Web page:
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From David Dawson <david.daw...@simplicityitself.com>
Subject Re: [RFE] Methods as expressions
Date Wed, 21 Mar 2018 23:06:35 GMT
In rust, the generally promoted style is to not use returns if you can
avoid it, and have the final expression in a particular block evaluated for
the return.

You can do returns in a flow control expression, in which case the
surrounding block is returned (the function, say).

>From the rust docs, slightly cut down, ignore the lifetime gubbins. This
parses a number from a string, if the parse fails, it returns Err, if it
succeeds, it does a multiply and returns the value.

fn multiply(first_number_str: &str) -> Result<i32, ParseIntError> {
    let first_number = match first_number_str.parse::<i32>() {
        Ok(first_number)  => first_number,
        Err(e) => *return Err(e)*,
    };

    Ok(first_number * 5)
}

If the second branch in the match expression is invoked, the method will
return.  Otherwise, you get the Ok.

I _*think*_ this feels natural, but I suspect thats more that I've just
used it like this.

That said, I have sometimes found myself reading the Groovy docs asking the
question "how can I do an early punch out of this .each{}?"


On 21 March 2018 at 21:47, MG <mgbiz@arscreat.com> wrote:

> I am using the statically imported method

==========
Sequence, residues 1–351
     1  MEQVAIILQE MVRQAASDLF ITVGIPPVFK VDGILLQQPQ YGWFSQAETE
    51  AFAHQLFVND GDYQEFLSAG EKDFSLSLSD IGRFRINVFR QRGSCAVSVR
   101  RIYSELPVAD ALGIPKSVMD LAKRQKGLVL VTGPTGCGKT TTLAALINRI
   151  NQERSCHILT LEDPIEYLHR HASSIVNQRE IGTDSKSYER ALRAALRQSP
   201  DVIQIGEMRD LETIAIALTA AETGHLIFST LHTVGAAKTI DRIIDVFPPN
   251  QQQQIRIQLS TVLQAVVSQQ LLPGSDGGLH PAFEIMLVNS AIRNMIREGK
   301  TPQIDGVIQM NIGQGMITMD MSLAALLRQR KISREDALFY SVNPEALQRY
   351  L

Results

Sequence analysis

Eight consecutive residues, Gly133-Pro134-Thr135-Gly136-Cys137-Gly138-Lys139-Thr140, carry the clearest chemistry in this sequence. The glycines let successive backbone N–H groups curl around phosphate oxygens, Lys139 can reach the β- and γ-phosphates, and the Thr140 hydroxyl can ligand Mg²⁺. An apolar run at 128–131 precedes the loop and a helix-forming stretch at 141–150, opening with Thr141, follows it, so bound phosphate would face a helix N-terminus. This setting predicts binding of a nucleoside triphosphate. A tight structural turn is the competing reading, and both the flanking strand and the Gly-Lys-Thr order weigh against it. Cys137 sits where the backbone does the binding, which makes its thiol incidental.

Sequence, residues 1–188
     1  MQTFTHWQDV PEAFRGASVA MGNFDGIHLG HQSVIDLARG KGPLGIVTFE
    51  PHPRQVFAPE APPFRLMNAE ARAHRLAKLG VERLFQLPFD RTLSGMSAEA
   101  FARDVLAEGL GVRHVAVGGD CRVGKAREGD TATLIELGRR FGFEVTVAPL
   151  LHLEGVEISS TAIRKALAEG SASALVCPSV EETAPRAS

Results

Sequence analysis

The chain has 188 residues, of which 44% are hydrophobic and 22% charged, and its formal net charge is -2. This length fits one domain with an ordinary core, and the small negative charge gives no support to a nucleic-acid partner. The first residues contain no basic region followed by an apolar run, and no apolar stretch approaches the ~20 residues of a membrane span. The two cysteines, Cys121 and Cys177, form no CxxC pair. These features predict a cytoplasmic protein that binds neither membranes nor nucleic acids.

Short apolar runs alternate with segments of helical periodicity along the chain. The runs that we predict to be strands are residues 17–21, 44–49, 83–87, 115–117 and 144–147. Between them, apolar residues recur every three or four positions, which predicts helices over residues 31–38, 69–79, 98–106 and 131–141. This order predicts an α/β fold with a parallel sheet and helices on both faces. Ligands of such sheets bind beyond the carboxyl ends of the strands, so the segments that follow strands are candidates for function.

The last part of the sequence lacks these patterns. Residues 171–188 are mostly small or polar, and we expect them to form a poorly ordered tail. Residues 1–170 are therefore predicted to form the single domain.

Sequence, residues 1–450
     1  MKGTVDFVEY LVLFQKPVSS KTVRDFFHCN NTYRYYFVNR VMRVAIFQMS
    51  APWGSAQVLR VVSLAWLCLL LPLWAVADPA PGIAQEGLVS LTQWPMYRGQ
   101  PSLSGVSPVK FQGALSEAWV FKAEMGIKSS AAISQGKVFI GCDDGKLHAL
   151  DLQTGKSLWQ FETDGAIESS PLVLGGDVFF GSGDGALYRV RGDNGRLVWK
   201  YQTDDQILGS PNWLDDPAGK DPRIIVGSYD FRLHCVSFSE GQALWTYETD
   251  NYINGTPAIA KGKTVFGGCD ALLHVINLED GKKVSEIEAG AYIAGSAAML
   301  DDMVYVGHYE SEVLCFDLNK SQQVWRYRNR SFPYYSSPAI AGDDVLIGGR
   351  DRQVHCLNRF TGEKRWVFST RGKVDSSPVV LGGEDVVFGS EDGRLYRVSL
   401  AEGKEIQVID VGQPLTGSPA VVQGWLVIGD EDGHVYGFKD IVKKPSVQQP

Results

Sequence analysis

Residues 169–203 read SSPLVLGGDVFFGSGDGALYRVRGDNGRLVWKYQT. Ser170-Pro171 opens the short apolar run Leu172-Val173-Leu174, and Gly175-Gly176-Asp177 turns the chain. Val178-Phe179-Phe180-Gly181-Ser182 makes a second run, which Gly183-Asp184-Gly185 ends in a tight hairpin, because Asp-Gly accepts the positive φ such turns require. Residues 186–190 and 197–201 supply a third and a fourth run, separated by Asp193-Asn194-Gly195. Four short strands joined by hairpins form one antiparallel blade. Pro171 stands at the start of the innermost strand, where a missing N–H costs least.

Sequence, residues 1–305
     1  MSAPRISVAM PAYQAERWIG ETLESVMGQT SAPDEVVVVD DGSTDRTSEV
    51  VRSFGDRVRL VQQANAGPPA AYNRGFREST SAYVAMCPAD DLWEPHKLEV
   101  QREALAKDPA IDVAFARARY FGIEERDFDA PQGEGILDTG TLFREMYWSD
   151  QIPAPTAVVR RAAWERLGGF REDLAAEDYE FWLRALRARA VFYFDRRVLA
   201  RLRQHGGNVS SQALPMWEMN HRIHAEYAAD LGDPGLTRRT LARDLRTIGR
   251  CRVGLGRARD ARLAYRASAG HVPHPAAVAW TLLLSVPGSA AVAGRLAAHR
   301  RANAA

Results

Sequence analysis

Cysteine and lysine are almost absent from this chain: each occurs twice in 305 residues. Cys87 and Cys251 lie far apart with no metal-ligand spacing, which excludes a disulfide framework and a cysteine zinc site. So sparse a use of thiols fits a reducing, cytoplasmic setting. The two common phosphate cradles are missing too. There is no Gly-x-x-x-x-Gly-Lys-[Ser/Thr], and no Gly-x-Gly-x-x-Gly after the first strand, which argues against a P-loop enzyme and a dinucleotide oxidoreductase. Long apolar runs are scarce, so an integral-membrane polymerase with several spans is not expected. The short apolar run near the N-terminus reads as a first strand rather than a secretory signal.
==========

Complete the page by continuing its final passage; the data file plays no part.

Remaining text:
>
> static <T> T eval(final Closure<T> cls) { cls() }
>
> right now for this.
>
> This works well, and just has the performance drawback that it is based on
> closures. Return here of course leaves the closure, so effectively returns
> from the eval method.
>
> Should Groovy natively support if-expressions or something like this, the
> return keyword is the big question mark here for me: Should it leave the
> expression, or the surrounding method ?
> Maybe if a construct is used as an expression, it should follow closure
> semantics, and return should leave the expression, whereas otherwise (e.g.
> for potential future "inline closures" not used as expressions, for
> instance a SQL forEach loop construct) it should leave the surrounding
> method ?
>
>
>
> On 21.03.2018 22:08, eric.milles@thomsonreuters.com wrote:
>
> I think you could experiment with this using a closure, since return
> statements have this expression property already:
>
>
>
> final foo = ({ ->
>
>   if(...) { ... }
>
>   else if(...) { ... }
>
>   else if(...) { ... }
>
>   else { ... }
>
> }())
>
>
>
>
>
> *From:* mg [mailto:mgbiz@arscreat.com <mgbiz@arscreat.com>]
> *Sent:* Wednesday, March 21, 2018 4:03 PM
> *To:* dev@groovy.apache.org
> *Subject:* Re: [RFE] Methods as expressions
>
>
>
> Having control flow statements as expressions in Groovy would feel pretty
> natural to me. I had always assumed there were reasons why this was not
> supported, so I did not bring it up...
>
> I currently use the simulated eval language extension I proposed for that,
> i.e.
>
>
>
> final foo = eval {
>
>   if(...) { ... }
>
>   else if(...) { ... }
>
>   else if(...) { ... }
>
>   else { ... }
>
> }
>
>
>
> in cases where using "?" would be too complex.
>
>
>
> That uses a closure, of course, so not optimal for all applications.
>
>
>
> Question: Does a return-statement inside the if-expression leave the
> expression, or the enclosing method in Rust ?
>
>
>
>
>

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